Even in the U.S., however, where a magnificent recovery was supposed to have been in place for years, actual economic growth simply didn’t materialize at the levels promised. At 2% per year, the average growth of the American gross domestic product over the past decade, for instance, has been half the average of 4% before the 2008 crisis. Similar numbers were repeated throughout the developed world and most emerging markets. In the meantime, total global debt hit $247 trillion in the first quarter of 2018. As the Institute of International Finance found, countries were, on average, borrowing about three dollars for every dollar of goods or services created.

Global Consequences

What the Fed (along with central banks from Europe to Japan) ignited, in fact, was a disproportionate rise in the stock and bond markets with the money they created. That capital sought higher and faster returns than could be achieved in crucial infrastructure or social strengthening projects like building roads, high-speed railways, hospitals, or schools.

What followed was anything but fair. As former Federal Reserve Chair Janet Yellen noted four years ago, “It is no secret that the past few decades of widening inequality can be summed up as significant income and wealth gains for those at the very top and stagnant living standards for the majority.” And, of course, continuing to pour money into the highest levels of the private banking system was anything but a formula for walking that back.

Instead, as more citizens fell behind, a sense of disenfranchisement and bitterness with existing governments only grew. In the U.S., that meant Donald Trump. In the United Kingdom, similar discontent was reflected in the June 2016 Brexit vote to leave the European Union (EU), which those who felt economically squeezed to death clearly meant as a slap at both the establishment domestically and EU leaders abroad.

Since then, multiple governments in the European Union, too, have shifted toward the populist right. In Germany, recent elections swung both right and left just six years after, in July 2012, European Central Bank (ECB) head Mario Draghi exuded optimism over the ability of such banks to protect the financial system, the Euro, and generally hold things together.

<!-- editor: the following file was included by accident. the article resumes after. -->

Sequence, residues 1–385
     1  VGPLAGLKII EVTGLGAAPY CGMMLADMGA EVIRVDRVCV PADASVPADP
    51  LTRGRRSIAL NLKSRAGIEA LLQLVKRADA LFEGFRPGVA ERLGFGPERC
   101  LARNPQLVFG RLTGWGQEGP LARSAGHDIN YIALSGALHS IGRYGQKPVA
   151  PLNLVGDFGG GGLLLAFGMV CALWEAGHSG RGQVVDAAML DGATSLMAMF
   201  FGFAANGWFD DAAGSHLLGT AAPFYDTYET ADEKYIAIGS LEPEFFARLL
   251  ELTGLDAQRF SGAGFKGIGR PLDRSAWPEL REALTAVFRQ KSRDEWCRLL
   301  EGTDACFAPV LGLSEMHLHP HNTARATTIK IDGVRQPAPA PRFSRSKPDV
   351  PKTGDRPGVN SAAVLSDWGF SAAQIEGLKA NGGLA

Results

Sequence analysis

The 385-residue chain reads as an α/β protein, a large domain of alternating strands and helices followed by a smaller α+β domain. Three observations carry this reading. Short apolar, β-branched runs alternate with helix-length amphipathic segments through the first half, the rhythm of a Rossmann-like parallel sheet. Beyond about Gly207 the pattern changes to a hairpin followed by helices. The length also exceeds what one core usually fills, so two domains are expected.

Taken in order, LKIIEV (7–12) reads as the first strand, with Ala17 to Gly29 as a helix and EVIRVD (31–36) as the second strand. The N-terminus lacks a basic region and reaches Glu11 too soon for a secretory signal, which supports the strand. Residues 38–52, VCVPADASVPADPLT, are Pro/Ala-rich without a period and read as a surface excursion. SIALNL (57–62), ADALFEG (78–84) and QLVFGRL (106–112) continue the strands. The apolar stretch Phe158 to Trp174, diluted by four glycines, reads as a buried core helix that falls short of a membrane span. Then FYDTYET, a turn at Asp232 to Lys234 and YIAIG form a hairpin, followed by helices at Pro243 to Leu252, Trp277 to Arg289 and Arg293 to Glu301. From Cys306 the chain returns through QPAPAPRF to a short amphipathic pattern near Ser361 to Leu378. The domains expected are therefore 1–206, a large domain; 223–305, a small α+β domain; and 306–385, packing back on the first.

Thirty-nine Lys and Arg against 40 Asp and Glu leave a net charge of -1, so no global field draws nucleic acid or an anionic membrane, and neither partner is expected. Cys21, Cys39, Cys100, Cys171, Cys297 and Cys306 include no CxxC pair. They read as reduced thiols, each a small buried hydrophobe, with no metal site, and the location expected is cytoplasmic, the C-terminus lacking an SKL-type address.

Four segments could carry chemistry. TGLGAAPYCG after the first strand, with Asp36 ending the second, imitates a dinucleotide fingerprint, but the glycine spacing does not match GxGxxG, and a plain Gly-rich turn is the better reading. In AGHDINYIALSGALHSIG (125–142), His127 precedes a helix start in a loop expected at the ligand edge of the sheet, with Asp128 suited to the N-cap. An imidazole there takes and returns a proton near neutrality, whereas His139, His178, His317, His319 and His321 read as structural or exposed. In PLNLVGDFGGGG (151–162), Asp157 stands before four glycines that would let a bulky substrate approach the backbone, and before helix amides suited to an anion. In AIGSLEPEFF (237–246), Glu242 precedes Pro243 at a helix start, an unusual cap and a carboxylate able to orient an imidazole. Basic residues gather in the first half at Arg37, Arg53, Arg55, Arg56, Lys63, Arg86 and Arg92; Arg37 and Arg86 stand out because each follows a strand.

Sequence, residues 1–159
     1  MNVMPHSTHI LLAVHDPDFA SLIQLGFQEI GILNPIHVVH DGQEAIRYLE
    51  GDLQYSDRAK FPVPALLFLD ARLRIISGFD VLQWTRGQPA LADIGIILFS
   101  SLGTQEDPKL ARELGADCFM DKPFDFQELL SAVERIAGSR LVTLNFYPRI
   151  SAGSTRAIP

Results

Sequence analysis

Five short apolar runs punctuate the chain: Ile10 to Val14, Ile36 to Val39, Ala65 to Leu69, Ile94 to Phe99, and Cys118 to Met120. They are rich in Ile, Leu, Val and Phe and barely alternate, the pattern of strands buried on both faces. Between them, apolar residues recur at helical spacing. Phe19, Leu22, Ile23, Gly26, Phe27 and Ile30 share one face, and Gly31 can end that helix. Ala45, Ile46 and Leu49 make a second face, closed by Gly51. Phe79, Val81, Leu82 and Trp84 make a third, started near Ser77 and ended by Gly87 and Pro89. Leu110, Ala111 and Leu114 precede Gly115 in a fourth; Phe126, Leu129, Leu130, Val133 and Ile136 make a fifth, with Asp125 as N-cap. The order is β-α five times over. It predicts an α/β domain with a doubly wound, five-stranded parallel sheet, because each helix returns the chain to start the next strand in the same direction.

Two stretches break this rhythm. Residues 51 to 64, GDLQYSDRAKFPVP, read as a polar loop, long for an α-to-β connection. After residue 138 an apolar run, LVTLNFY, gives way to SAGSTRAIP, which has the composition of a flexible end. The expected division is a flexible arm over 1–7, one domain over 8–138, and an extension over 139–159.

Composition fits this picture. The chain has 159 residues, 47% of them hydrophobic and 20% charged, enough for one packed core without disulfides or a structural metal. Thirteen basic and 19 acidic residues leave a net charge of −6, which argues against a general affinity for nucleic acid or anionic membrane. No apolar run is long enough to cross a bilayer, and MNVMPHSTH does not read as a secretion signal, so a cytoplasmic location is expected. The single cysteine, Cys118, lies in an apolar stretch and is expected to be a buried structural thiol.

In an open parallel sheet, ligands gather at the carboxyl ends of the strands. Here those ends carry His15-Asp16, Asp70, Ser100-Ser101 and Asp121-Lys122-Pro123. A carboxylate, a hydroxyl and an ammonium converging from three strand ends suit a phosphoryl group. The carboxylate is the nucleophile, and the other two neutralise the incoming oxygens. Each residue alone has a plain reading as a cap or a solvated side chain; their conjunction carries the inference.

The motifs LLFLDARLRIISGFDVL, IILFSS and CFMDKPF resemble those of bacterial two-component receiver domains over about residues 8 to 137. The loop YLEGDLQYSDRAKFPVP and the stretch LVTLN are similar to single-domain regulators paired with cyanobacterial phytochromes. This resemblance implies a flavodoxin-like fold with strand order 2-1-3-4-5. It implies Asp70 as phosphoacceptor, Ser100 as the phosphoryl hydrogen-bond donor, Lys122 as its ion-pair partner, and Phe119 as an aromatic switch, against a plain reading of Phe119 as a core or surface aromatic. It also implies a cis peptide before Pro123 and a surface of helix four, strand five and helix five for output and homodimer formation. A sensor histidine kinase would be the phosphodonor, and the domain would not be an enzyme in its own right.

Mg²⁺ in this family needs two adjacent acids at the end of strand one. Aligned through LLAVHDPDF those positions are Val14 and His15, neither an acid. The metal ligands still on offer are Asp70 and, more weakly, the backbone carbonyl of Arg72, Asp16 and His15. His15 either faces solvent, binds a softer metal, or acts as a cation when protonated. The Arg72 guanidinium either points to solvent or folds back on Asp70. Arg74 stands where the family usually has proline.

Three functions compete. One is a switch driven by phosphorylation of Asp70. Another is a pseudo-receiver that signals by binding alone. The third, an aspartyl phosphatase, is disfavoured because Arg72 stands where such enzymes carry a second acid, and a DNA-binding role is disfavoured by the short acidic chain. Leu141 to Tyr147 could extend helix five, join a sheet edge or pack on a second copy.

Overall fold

Like the Fed in the U.S., the ECB went on to manufacture money, adding another $3 trillion to its books that would be deployed to buy bonds from favored countries and companies. That artificial stimulus, too, only increased inequality within and between countries in Europe. Meanwhile, Brexit negotiations remain ruinously divisive, threatening to rip Great Britain apart.

Nor was such a story the captive of the North Atlantic. In Brazil, where left-wing president Dilma Rouseff was ousted from power in 2016, her successor Michel Temer oversaw plummeting economic growth and escalating unemployment. That, in turn, led to the election of that country’s own Donald Trump, nationalistic far-right candidate Jair Bolsonaro who won a striking 55.2% of the vote against a backdrop of popular discontent. In true Trumpian style, he is disposed against both the very idea of climate change and multilateral trade agreements.

In Mexico, dissatisfied voters similarly rejected the political known, but by swinging left for the first time in 70 years. New president Andrés Manuel López Obrador, popularly known by his initials AMLO, promised to put the needs of ordinary Mexicans first. However, he has the U.S. — and the whims of Donald Trump and his “great wall” — to contend with, which could hamper those efforts.

As AMLO took office on December 1st, the G20 summit of world leaders was unfolding in Argentina. There, amid a glittering backdrop of power and influence, the trade war between the U.S. and the world’s rising superpower, China, came even more clearly into focus. While its president, Xi Jinping, having fully consolidated power amid a wave of Chinese nationalism, could become his country’s longest serving leader, he faces an international landscape that would have amazed and befuddled Mao Zedong.

Though Trump declared his meeting with Xi a success because the two sides agreed on a 90-day tariff truce, his prompt appointment of an anti-Chinese hardliner, Robert Lighthizer, to head negotiations, a tweet in which he referred to himself in superhero fashion as a “Tariff Man,” and news that the U.S. had requested that Canada arrest and extradite an executive of a key Chinese tech company, caused the Dow to take its fourth largest plunge in history and then fluctuate wildly as economic fears of a future “Great Something” rose. More uncertainty and distrust were the true product of that meeting.